In recent years, after the shift in FP detection technology from traditional methods to automatic detection methods by means of machine learning and computer vision, several methods of FP detection appeared. For example, a study by Dong et al. [15] measured the degree of FP by identifying the difference between faces and proposed a quantitative estimation method to detect the main points by K-MEANS clustering and using the Susan edge algorithm to identify the salient points of the edges and detect facial features. Another study by Azoulay et al. [16] worked on detecting vital signs and diagnosing FP using a mobile application with a user interface. The data used were 14 people with FP and 31 healthy people, and the accuracy of the diagnosis was 95.5%. In another study by Haase et al. [17], an analytical system was used to analyze the two sides of the face in detail, which is the coding system (FACS) using a dataset of 299 people with FP and 28 healthy people. However, in the training process, data from healthy subjects spoofed with facial paralysis were used. The analysis and scan duration was 108 ms per image. A study by Ngo et al. [18] proposed a method of limited-orientation modified circular Gabor filters (LO-MCGFs) to perform quantitative analysis of FP where a database of 85 subjects (75 patients + 10 healthy volunteers) was used to achieve 81.2% accuracy by utilizing a method based on frequency to preprocess images prior to extracting features. Wang et al. [19] proposed a technique to assess the level of FP, taking into account both the fixed facial unevenness and the variable transformative factors. A database with 62 patients, with 33 females and 29 males, using the suggested approach that integrates both static and dynamic quantification could achieve a recognition rate of 97.56%. Another study by Codari et al. [20] proposed a method of facial thirds–based evaluation to measure the degree of facial asymmetry using a stereophotogrammetric device. The data used were from 40 healthy people and 30 people with FP. A hybrid method proposed by Storey et al. [21] created a three-dimensional image automatically from a two-dimensional image using a computer vision system based on 3D CNN to detect facial features, which achieved high accuracy in collecting facial features. However, there was an error that affected the accuracy of the system in collecting mouth features due to asynchronous movements. The study used two sets of data, and the F1 score was 88% for FP and reduced to 82% for mouth movement. Another study by Storey et al. [22] detected facial features and diagnosed FP by training a deep neural network using mixed training data of healthy and facial palsy subjects based on a binary sequential process proposed in [23], where the error classification ranged between 8.72% and 18.88%, and the accuracy of the evaluation ranged from 82% to 95.60%. Another study by Barbosa et al. [24] used training data consisting of 440 images of FP patients to extract features of FP by a set of regression trees for regularized logistic regression detection and iris detection with acceptable accuracy. Jiang et al. [25] used machine learning methods (K-NN, SVM, and NN) to classify the injury degree of FP by computational image analysis using a data set of 80 participants, with an average of 100 images for each person. The accuracy of the system ranged between 87.22% and 95.69%. Dell’Olio et al. [26] used the FaraPy system to detect FP in real time with different facial expressions for six healthy people, and with the lowest percentage of losses obtained an acceptable accuracy. To detect 68 facial features and diagnose FP, a complete CNN system by Liu et al. [27] was trained using a dataset of healthy subjects with different facial expressions and subjects with FP, and it extracted the facial features for classification. However, a major limitation was the length of execution time. A study by Nguyen et al. [28] detected different facial expressions based on three dimensional point cloud data and deep engineering learning technology to obtain a detection accuracy from 69.01% to 85.85%. Recently, Dominguez et al. [29] used 480 images of data, facial features, and their binary classifier to detect FP disease, where classification accuracy ranged between 94.06% and 97.22%. Another study by Estomba et al. [7] worked on predicting facial nerve palsy through the K-nearest neighbor algorithm using 356 patients’ data, and the accuracy of the system performance exceeded 0.9. A study by Amsalam et al. [3] using a technique for detecting FP using a computer vision system was introduced. This method utilized deep learning through CNN and a Python program and involved the analysis of 570 images, including 200 images of individuals with facial palsy. The study included 10 participants, comprising three males and seven females with varying degrees of FP and injury on different sides, aged between 15 and 70 years. The method demonstrated short processing and detection time with 98% accuracy. However, it was not considered to be user-friendly due to its lack of real-time functionality. In another study by Zhang et al. [30] a system that automatically evaluates faces called AFES (Automatic Facial Evaluation System) was suggested with customization options; during the study, a total of 92 individuals with facial palsy were enrolled and underwent evaluations. The evaluations included both subjective manual assessments using scales such as mHBGS and mSFGS, as well as automatic objective evaluations utilizing AFES. The AFES evaluations included aHBGS, aSFGS, and assessments of specific facial features. These evaluations were conducted at the beginning of the study and repeated after two weeks. AFES’s algorithm was developed by training and testing it on video frames from over 100 patients; 80% of the frames were used as training sets, while the remaining 20% were used as testing sets. AFES may be viewed as a feasible approach for conducting a precise and dependable assessment of patients who have facial palsy. However, previous methods for diagnosing FP or detecting facial features had problems, including considering older methods [15,16] and often using training data from spoofed FP [23], Or the dataset of patients with FP may be small [26]. In addition to insufficient or non-existent quantitative results and low accuracy in many cases [17,31]. Therefore, this study proposes a high-accuracy diagnostic system to detect FP and the patient’s gender and age in real-time by using deep learning algorithms based on CNN.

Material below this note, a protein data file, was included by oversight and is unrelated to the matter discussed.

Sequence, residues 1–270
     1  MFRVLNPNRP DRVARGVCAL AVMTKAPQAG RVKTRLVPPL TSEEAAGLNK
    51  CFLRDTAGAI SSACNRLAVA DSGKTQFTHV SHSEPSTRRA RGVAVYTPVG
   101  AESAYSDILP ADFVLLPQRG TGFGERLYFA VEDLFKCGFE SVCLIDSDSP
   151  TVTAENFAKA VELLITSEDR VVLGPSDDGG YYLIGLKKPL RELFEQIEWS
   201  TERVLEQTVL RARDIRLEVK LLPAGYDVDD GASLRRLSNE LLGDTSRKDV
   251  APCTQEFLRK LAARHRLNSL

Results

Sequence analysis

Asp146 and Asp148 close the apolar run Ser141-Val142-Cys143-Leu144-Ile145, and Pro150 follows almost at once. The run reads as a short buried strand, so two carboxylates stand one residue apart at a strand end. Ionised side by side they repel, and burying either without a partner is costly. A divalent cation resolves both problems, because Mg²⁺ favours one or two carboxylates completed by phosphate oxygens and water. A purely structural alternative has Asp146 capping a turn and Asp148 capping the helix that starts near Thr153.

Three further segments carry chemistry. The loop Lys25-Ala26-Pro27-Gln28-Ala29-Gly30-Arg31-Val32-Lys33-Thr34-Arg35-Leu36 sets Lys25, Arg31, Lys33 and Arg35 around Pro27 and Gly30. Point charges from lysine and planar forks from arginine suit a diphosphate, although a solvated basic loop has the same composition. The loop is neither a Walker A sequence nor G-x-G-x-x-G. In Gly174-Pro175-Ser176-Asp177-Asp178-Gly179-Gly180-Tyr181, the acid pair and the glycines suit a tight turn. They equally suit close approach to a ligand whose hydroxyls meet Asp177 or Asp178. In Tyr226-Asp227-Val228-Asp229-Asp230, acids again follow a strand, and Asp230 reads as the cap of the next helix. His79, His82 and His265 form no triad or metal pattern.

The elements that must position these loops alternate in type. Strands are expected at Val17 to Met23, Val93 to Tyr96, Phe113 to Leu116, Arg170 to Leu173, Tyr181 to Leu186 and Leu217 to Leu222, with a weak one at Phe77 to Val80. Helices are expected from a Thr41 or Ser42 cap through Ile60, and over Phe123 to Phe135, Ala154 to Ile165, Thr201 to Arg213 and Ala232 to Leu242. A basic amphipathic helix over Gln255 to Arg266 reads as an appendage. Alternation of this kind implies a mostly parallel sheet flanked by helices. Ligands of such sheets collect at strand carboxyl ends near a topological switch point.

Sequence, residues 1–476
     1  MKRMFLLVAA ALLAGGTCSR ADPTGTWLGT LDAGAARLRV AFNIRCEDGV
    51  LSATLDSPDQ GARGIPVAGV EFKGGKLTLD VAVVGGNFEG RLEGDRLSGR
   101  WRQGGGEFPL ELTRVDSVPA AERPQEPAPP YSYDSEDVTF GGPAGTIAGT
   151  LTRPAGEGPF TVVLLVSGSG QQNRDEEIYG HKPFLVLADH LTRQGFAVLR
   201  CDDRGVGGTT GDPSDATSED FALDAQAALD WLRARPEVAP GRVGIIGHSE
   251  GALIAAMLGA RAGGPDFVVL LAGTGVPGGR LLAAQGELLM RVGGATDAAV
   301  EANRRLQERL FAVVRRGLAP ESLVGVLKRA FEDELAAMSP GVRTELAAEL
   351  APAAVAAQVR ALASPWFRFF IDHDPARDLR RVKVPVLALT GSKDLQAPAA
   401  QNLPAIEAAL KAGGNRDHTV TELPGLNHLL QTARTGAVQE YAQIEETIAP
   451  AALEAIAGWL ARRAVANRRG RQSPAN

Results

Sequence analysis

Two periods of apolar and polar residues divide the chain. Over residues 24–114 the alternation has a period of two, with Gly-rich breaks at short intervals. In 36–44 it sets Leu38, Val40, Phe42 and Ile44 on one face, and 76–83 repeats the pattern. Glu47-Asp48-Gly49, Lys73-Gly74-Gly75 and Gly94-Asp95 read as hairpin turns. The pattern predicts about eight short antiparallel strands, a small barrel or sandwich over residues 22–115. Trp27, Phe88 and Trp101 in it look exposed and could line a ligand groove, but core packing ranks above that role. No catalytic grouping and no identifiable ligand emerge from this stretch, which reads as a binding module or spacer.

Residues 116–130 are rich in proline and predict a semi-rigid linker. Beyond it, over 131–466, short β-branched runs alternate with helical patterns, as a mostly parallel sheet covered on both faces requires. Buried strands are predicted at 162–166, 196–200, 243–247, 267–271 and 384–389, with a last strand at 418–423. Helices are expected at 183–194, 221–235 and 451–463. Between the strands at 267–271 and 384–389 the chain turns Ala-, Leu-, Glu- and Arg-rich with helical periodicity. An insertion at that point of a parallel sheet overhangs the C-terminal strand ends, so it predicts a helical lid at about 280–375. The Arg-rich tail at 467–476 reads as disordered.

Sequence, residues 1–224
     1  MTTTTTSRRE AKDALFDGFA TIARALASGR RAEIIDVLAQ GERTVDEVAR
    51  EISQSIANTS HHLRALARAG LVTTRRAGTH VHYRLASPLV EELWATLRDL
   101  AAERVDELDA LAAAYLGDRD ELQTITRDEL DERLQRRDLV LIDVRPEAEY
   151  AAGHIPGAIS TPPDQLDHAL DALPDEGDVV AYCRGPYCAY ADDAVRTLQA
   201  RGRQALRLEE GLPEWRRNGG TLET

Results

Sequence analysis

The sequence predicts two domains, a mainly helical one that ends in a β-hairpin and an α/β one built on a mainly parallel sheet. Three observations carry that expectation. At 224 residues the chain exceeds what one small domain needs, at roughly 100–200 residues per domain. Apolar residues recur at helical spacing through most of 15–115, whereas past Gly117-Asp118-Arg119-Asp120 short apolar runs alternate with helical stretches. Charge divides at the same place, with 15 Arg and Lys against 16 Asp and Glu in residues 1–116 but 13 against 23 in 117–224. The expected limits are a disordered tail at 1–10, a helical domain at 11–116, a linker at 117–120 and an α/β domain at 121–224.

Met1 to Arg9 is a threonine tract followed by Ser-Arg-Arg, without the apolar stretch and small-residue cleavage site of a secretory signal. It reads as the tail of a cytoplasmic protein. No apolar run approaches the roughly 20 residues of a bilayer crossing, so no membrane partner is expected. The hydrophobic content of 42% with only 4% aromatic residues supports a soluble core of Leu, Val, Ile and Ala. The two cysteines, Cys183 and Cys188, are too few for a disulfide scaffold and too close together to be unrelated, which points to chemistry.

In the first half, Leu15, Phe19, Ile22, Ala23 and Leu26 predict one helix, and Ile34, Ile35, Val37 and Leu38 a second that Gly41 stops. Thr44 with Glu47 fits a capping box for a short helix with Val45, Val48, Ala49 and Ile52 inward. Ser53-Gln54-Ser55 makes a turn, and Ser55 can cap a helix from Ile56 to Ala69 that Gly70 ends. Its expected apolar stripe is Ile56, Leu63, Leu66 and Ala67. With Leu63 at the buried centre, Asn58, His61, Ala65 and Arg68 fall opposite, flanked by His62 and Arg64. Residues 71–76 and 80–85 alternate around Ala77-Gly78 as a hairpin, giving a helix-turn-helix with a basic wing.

The remainder of this paper is as follows: Section 2 describes the materials and methods of the study, including research ethics and participants, experimental setup, system design, and Features Extraction. Section 3 includes the performance metrics of the proposed system. Section 4 presents the results and analysis of the proposed system performed on human participants with discussion. Finally, Section 5 concludes the paper.